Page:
Shelby County to get new bail hearing room, with support from both Weirich and Mulroy

Article courtesy of the

Katherine Burgess
Memphis Commercial Appeal

Published 8-9-9022

Shelby County will soon have a new bail hearing room, aiming to ensure that people who are arrested receive a timely bail hearing and a fair determination of whether they can afford to make bail.

The county will pay for operating costs of the room, primarily personnel, to the tune of $2 million, along with a $1.4 million capital cost.

All of that is contingent upon the adoption of a standing bail order, which is expected to be adopted by the judges of the criminal division of the Shelby County General Sessions Courts. The judges will meet Thursday to decide whether to implement the standing order, according to a news release from the American Civil Liberties Union of Tennessee.

“We urge the general sessions judges to promptly enact the standing bail order so that these much-needed improvements can be implemented in Shelby County and the disproportionate impact of cash bail on people with limited incomes can be lessened,” said Stella Yarbrough, ACLU of Tennessee legal director.

Monday, when commissioners considered approval of the measure, both current Shelby County District Attorney General Amy Weirich and Shelby County District Attorney General-elect Steve Mulroy spoke in favor of the change.

“Bail hearings and the setting of bail are determined under the law to be critical stages,” Weirich said, adding that victims have the right to be present at such hearings. “That is the driving force behind my recommendation that we would need additional staff and additional resources.”

The bail hearing room was approved nearly eight months after the American Civil Liberties Union and Shelby County advocacy groups threatened to sue the county for its bail and pretrial detention practices, saying that many unable to afford bail were, after arrest, “routinely held for weeks or longer without receiving a bail hearing with counsel, and such a hearing is not provided as a matter of course but depends on whether a person’s lawyer brings a motion.”

After two days of mediated discussion, Shelby County and the “various advocacy groups” signed a memorandum of understanding “to work collectively to avoid unnecessary and costly litigation,” according to the resolution. Advocacy groups signing the original letter included the Wharton Firm, the American Civil Liberties Union, the ACLU of Tennessee, and Just City.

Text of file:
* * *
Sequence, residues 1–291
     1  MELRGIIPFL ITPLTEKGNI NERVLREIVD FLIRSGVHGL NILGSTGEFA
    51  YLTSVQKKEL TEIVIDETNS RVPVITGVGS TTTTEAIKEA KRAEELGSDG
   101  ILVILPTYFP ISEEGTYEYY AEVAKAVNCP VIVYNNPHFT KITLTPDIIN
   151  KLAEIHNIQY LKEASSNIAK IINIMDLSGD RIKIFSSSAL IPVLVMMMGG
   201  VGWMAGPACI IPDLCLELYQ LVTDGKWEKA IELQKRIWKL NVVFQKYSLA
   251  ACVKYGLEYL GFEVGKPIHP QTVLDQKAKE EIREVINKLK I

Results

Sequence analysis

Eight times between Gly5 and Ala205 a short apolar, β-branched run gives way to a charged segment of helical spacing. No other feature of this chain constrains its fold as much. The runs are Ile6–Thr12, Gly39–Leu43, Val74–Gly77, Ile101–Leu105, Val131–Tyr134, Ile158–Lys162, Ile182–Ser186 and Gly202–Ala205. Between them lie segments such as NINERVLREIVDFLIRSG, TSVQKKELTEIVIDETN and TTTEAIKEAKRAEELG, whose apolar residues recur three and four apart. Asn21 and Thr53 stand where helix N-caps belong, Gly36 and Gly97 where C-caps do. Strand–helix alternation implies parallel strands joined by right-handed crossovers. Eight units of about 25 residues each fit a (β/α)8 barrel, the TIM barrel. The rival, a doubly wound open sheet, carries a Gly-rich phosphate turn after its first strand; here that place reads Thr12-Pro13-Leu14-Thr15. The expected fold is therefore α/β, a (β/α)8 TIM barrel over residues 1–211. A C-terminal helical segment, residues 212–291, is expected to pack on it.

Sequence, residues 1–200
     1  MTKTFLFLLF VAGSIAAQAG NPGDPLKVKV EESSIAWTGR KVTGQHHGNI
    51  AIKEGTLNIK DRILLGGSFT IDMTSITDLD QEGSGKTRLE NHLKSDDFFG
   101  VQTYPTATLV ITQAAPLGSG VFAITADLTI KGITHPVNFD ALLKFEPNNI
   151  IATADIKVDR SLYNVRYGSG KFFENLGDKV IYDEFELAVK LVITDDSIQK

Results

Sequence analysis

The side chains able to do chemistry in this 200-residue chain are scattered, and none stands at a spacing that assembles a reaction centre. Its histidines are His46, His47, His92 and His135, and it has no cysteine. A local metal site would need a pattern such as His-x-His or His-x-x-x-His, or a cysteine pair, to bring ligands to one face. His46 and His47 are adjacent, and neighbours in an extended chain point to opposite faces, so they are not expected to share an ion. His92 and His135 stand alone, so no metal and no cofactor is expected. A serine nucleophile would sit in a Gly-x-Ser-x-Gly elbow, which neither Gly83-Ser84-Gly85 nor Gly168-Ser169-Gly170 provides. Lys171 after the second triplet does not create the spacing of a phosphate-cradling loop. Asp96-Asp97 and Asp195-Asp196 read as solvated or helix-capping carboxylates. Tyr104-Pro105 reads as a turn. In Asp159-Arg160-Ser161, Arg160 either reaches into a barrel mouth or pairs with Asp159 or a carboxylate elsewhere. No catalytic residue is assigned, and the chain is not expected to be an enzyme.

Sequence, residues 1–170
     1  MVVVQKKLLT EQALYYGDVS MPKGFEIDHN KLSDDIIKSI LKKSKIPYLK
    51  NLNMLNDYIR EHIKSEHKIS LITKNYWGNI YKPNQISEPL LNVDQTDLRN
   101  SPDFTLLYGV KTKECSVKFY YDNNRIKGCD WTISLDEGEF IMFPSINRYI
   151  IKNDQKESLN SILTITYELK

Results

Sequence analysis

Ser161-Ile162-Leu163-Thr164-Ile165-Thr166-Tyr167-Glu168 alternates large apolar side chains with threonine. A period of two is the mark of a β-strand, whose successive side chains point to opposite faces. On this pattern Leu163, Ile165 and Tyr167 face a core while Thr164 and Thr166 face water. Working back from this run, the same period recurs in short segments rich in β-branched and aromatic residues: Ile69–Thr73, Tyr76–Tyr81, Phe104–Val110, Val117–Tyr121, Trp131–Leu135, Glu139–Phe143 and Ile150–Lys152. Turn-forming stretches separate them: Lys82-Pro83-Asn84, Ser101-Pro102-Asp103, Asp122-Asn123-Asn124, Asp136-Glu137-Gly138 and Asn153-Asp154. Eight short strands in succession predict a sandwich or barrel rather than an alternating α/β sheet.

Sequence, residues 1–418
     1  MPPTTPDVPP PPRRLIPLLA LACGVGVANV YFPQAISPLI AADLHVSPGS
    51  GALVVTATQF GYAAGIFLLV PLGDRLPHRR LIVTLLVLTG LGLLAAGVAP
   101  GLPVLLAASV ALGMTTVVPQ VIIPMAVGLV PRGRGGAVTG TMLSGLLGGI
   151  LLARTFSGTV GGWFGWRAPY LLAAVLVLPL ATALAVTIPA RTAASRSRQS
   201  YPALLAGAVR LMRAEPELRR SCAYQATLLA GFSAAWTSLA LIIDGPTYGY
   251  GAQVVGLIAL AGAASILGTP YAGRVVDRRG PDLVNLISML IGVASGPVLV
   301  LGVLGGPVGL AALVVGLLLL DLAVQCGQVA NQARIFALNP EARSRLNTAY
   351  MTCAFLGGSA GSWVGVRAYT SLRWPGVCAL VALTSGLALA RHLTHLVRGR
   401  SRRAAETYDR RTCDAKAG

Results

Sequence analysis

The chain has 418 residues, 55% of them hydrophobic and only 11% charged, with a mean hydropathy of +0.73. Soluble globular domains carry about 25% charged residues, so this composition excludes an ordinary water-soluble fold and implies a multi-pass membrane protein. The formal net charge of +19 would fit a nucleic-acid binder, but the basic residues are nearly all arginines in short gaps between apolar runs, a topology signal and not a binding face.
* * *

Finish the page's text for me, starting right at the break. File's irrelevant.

Now, judicial commissioners may only impose money bail on an arrestee after finding that release on recognizance or an unsecured bail will not “reasonably assure their future court appearance or the safety of the public.”

And, judicial commissioners will only be able to impose a secured money bail requirement “after considering an individual’s ability to pay the amount of money imposed as bail,” making the determination using a financial assessment tool administered by pretrial services.

if a judicial commissioner does plan to set an unaffordable bail, they must find pretrial detention is necessary to assure future court appearances and the safety of the community, making that decision in a public bail hearing.

“It is important that we have a criminal justice system in which defendants are given prompt bail hearings in front of a judge which the ability to pay is considered,” Mulroy said. “And this is important in addition to making sure the victims and prosecutors are also present. It is important not only as a general matter of fairness but also to be in conformity with the law.”

The bail hearing room is a “very narrow fix to a legal problem,” Mulroy said, not the overarching bail reform discussed on the campaign trail.

Ultimately, the funding for the bail hearing room was approved with the unanimous vote of all 13 Shelby County Commissioners.

All hearings in the room will be public.

“For the first time, the community and individuals who are arrested will be able to see how judicial officers decide whether presumptively innocent people are released or detained on bail,” Yarbrough said. “Public defense counsel will be appointed for those who qualify, and alleged victims will be provided notice.”

Katherine Burgess covers county government and religion. She can be reached at [email protected] or followed on Twitter @kathsburgess.